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Using the iPad to support peer interaction for preschool children with complex communication needs

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Social interaction is a key element of education for all children, and yet children with complex communication needs often face social isolation, rarely interacting with same-age peers. A common strategy employed to increase social interaction involves teaching peers the skills needed to support interactions with children who use AAC. Although sometimes effective, this practice establishes a relationship of imbalance. The aim of this study was to develop an intervention that supported positive social interaction, while giving both children equal opportunities to participate and engage.
A single-subject, multiple baseline across partners design was used to evaluate the effectiveness of the intervention on the frequency of communicative turns expressed by the children with complex communication needs in interactions with their peers. The intervention included two components, provision of an iPad with preprogrammed visual scene displays and a training in how to use this support to communicate and engage in an activity.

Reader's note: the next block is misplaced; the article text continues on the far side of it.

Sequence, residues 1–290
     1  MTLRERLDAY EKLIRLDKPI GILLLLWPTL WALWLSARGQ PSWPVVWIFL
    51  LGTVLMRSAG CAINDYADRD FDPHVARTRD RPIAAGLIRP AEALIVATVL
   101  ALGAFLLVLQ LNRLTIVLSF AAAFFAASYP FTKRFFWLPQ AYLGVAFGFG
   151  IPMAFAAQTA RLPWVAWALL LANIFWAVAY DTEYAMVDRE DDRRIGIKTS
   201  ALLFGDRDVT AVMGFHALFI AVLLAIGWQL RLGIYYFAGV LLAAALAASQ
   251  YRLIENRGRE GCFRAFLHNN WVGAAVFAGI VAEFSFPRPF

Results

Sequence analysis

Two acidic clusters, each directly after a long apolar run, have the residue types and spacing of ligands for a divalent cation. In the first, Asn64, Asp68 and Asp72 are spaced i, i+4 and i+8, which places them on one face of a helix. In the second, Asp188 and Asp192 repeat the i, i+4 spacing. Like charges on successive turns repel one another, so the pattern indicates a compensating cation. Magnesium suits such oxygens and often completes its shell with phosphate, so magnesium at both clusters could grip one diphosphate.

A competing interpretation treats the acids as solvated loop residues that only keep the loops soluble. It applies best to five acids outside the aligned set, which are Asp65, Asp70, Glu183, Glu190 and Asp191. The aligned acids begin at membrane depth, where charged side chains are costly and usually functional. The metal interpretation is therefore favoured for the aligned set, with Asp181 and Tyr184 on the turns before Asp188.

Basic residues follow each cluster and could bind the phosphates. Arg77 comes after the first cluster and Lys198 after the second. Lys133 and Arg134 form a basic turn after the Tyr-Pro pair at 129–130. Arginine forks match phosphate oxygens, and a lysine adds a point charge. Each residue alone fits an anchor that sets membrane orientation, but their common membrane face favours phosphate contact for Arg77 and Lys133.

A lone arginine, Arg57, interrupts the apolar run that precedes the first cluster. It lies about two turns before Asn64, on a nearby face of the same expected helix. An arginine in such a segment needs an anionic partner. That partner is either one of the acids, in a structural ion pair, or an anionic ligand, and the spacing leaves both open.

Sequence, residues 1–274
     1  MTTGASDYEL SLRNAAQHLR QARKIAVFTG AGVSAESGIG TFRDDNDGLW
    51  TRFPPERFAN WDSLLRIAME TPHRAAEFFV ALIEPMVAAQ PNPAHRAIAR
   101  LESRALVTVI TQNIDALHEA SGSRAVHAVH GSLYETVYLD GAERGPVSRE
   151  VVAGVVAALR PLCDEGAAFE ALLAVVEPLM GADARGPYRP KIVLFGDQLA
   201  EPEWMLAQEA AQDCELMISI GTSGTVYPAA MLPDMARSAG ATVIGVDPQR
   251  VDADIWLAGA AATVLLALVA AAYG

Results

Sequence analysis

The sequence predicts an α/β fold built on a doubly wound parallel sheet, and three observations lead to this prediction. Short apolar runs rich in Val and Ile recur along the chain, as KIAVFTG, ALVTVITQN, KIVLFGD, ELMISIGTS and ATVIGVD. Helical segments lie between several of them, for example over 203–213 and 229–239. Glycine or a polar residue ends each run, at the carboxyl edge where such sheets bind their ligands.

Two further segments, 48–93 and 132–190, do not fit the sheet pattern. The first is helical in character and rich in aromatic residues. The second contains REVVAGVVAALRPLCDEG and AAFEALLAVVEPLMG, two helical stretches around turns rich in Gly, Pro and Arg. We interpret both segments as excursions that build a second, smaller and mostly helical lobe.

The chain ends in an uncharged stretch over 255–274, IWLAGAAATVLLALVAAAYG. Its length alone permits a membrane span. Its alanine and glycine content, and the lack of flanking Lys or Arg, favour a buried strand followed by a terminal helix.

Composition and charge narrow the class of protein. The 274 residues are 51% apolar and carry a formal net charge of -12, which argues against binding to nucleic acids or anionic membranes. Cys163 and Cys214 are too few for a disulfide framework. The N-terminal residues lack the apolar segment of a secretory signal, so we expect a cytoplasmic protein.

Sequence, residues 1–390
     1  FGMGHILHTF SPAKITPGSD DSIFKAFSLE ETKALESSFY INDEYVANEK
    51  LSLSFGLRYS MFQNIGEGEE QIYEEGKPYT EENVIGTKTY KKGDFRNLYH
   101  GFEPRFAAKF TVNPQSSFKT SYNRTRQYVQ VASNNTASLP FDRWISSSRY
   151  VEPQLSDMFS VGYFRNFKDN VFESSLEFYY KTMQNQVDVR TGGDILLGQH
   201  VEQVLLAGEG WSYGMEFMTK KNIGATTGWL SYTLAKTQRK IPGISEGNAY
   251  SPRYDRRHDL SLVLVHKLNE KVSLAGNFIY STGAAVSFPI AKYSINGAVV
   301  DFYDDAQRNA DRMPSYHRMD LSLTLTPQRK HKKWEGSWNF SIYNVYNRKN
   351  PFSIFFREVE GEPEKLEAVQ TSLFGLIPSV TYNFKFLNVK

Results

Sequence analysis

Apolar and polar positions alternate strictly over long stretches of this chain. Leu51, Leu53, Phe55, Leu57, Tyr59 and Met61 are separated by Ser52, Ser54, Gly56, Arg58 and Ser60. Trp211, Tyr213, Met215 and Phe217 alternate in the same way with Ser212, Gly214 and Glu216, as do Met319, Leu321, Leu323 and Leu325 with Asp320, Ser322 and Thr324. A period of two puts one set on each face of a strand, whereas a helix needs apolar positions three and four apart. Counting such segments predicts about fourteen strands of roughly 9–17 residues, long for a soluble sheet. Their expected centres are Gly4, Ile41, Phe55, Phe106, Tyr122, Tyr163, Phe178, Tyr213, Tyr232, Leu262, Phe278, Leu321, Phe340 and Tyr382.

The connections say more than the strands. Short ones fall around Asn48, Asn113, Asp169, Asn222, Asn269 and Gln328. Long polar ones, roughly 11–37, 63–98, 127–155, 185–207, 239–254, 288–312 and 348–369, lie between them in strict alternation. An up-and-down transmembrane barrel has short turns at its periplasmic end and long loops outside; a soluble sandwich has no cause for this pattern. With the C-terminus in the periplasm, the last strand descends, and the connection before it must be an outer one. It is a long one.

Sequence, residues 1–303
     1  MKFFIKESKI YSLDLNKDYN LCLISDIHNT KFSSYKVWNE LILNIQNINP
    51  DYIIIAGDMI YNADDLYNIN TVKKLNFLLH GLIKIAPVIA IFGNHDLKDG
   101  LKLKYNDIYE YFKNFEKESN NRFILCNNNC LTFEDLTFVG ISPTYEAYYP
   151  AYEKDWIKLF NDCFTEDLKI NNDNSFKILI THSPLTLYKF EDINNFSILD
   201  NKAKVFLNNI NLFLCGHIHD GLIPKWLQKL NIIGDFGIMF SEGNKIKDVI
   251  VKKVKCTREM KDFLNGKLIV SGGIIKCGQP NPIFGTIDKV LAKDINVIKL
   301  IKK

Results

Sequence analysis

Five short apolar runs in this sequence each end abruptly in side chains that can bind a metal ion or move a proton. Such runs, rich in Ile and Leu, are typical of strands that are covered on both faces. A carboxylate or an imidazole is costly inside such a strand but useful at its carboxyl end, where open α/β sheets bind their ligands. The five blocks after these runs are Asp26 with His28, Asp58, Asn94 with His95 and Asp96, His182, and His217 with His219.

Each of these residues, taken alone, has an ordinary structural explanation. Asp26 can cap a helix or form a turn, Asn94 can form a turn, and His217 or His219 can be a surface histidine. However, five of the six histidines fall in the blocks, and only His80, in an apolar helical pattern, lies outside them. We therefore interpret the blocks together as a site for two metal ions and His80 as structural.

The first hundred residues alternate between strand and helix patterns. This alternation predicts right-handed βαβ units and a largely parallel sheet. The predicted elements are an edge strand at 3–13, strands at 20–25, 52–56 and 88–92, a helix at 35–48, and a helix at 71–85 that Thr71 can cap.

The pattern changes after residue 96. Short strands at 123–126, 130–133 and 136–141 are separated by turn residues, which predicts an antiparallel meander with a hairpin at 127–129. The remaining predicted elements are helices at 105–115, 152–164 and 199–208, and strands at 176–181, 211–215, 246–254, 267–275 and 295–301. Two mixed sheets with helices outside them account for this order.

As a result of intervention, participant 1 showed immediate gains in number of symbolic communicative turns after the first training session across all three partners and demonstrated average gains of 30-46 communicative turns per 10-minute session across peer partners. Participant 2 also showed gains after one or two training sessions with two of three partners, with average gains of 11-24 turns across partners.
The study extends the evidence on how to facilitate and encourage social interaction between children with complex communication needs and their peers, and lays a foundation for future research into evidence-based supports for peer interaction.

Author(s):

Michelle Therrien    
Penn State University
United States

Janice LIght    
Penn State University
United States

 

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